But in the last few years I have started being more open with them.  I share my professional development with them, telling them that I’ll be writing the day’s objective on the board at the beginning of each class because I read that it improved learning, and telling them that I was going to try out a new format for required notes taking because some research shows that it helps students later in their careers, and asking them to please tell me what they think of it later.  This year’s big thing was standards-based grading (my first blog post – awww), and I was very upfront with the students about trying a new thing, not  knowing for sure where it was headed or how well it would work, but assuring them that I was trying it for their benefit and, honestly, the benefit of my next batch of students.

I’ve started to believe that if your students don’t see you learning, then they will not think that learning is important.  If all you ever show them is math that you already know – you never show them what you’re reading about education, or your blog, or your new hobby – they will think that factoring (or whatever) is all you care about.

Now, like Nick might suggest, we are already certified to be good at high school math.  We don’t need to double-check our answers and we can use a calculator because we’re already good at long multiplication, despite the fact that we ask our students to double-check everything and do arithmetic by hand.  And hey, that’s true – we are more skilled with math than our students (usually).  But we must show them that we learn as well, or, like Nick’s campers, they’ll think they only have to learn until they grow up.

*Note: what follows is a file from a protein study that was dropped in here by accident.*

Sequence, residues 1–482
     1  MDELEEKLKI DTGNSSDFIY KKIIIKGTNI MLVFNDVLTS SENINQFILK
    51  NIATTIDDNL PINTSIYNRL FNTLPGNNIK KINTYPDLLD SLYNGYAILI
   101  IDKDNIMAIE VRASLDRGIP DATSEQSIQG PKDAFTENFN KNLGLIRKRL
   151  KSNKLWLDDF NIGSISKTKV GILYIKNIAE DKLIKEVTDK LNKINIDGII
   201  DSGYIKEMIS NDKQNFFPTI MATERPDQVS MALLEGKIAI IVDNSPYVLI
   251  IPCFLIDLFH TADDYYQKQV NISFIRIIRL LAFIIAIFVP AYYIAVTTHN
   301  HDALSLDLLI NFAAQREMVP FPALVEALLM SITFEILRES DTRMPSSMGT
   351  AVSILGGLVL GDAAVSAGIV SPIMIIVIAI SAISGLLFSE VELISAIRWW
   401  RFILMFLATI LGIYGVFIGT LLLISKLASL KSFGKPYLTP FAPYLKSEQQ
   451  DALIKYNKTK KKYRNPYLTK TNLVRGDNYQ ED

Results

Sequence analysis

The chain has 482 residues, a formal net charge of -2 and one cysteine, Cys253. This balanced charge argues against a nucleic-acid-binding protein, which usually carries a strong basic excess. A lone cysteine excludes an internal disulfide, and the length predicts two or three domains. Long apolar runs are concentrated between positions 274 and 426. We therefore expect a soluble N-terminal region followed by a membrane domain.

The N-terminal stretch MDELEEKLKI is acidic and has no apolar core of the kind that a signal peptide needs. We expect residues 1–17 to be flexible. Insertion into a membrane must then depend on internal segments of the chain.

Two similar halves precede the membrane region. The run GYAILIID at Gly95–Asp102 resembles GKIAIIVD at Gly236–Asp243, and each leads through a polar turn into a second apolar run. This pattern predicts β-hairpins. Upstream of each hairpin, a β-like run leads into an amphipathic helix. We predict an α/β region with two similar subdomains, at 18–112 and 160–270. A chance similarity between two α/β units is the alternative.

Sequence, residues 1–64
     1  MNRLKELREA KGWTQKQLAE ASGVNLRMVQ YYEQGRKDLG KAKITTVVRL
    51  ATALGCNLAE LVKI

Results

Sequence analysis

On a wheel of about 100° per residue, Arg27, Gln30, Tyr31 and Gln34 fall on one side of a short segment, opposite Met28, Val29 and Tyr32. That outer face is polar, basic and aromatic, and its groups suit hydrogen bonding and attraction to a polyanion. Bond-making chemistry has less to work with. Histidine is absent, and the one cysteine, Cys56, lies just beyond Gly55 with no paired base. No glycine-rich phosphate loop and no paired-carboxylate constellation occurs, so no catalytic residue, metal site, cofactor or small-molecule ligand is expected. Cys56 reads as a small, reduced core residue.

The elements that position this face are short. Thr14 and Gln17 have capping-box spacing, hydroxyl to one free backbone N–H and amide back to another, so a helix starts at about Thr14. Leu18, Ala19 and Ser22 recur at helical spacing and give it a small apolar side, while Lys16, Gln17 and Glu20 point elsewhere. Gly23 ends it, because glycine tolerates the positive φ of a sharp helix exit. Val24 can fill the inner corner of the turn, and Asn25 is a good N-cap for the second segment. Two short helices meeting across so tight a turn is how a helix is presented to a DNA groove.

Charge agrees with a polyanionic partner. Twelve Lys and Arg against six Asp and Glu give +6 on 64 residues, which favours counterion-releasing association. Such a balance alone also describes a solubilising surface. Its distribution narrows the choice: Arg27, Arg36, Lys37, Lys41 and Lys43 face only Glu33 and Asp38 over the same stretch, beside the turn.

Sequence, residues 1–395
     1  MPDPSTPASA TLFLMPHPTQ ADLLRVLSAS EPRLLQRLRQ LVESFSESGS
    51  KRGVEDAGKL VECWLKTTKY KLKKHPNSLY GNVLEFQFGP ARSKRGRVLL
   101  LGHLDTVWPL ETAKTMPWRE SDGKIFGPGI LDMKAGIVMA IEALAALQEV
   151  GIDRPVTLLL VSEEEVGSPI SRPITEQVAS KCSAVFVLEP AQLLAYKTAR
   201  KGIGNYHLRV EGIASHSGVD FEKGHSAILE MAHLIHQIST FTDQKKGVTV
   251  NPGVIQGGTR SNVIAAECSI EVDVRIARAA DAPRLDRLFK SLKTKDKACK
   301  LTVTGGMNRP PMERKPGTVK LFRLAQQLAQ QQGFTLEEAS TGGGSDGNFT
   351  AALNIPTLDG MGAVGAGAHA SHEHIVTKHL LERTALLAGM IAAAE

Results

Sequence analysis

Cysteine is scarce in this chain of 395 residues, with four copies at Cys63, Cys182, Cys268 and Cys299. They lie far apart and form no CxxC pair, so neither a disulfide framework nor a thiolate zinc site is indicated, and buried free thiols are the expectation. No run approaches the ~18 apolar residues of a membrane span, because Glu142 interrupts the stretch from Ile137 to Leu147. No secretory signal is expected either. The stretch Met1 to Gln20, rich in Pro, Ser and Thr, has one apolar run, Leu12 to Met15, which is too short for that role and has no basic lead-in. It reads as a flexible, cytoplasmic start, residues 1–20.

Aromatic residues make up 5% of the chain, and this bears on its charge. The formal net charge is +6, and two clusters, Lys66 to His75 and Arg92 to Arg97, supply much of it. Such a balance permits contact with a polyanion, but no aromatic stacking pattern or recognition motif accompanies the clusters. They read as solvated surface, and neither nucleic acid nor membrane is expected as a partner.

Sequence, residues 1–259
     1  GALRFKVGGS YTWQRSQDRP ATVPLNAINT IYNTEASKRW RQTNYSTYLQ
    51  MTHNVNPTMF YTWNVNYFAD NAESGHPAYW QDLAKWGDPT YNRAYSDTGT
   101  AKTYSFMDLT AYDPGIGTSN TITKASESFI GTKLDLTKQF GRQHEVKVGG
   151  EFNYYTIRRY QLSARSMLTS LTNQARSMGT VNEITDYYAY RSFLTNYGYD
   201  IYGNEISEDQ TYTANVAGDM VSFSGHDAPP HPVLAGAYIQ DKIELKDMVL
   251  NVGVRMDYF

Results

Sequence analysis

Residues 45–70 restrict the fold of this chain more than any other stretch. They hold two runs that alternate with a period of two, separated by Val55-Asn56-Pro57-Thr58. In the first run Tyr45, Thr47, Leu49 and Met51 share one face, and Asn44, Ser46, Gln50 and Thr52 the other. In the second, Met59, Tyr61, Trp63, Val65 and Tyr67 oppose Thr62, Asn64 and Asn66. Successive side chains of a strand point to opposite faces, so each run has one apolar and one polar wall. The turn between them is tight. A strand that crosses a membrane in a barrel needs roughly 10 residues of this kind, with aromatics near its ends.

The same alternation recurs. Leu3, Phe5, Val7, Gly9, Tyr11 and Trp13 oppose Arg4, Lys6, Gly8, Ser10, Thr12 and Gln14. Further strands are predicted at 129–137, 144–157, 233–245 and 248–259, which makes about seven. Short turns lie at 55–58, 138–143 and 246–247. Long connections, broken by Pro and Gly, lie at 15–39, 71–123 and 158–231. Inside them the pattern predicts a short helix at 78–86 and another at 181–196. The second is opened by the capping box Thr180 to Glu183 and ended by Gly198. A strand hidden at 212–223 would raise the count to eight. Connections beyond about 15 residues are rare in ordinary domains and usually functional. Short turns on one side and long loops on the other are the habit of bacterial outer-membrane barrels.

That would have been a sweet place to stop the blog post – I love me a poignant conclusionary now and then – but unfortunately for my rhetoric I have a practical suggestion:  Start a blog. and have some tips for you to start.  Blogging is fun, because other people read what you write and you can feel famous (warning: I had fewer than a dozen readers for many moons), and feeling famous is fun.  Blogging is visible and you will be held accountable, which will cause you to think carefully about what you write, which might cause you to think more carefully about what you do in class.  One of my coworkers asked me skeptically if I thought it was ethical to try something in class just so I could blog about it.  At first I was taken aback, thinking maybe I had let this blogging thing get out of hand, but then I realized: oh my god, I’ve actually pushed myself to try something new because of my blog!  This is great!  You should not be embarrassed of trying to improve your classroom, and you should show your students that you’re doing it, and if it ends up sucking, you should apologize to the students and ask them what they think would have worked better.  This is what considerate, learning adults do when they screw up.

If you want to start a blog, go to and sign up for free.  It’s really easy.  I’m going to be asking for people to write guest posts on this blog, and that might be a good way for you to get started, but you’ll need an article or two up on your blog to qualify.  This summer could be a great time for you to condense some real change out of the vapor that was 2009-2010 – something you could use to show your students what you’ve learned from them.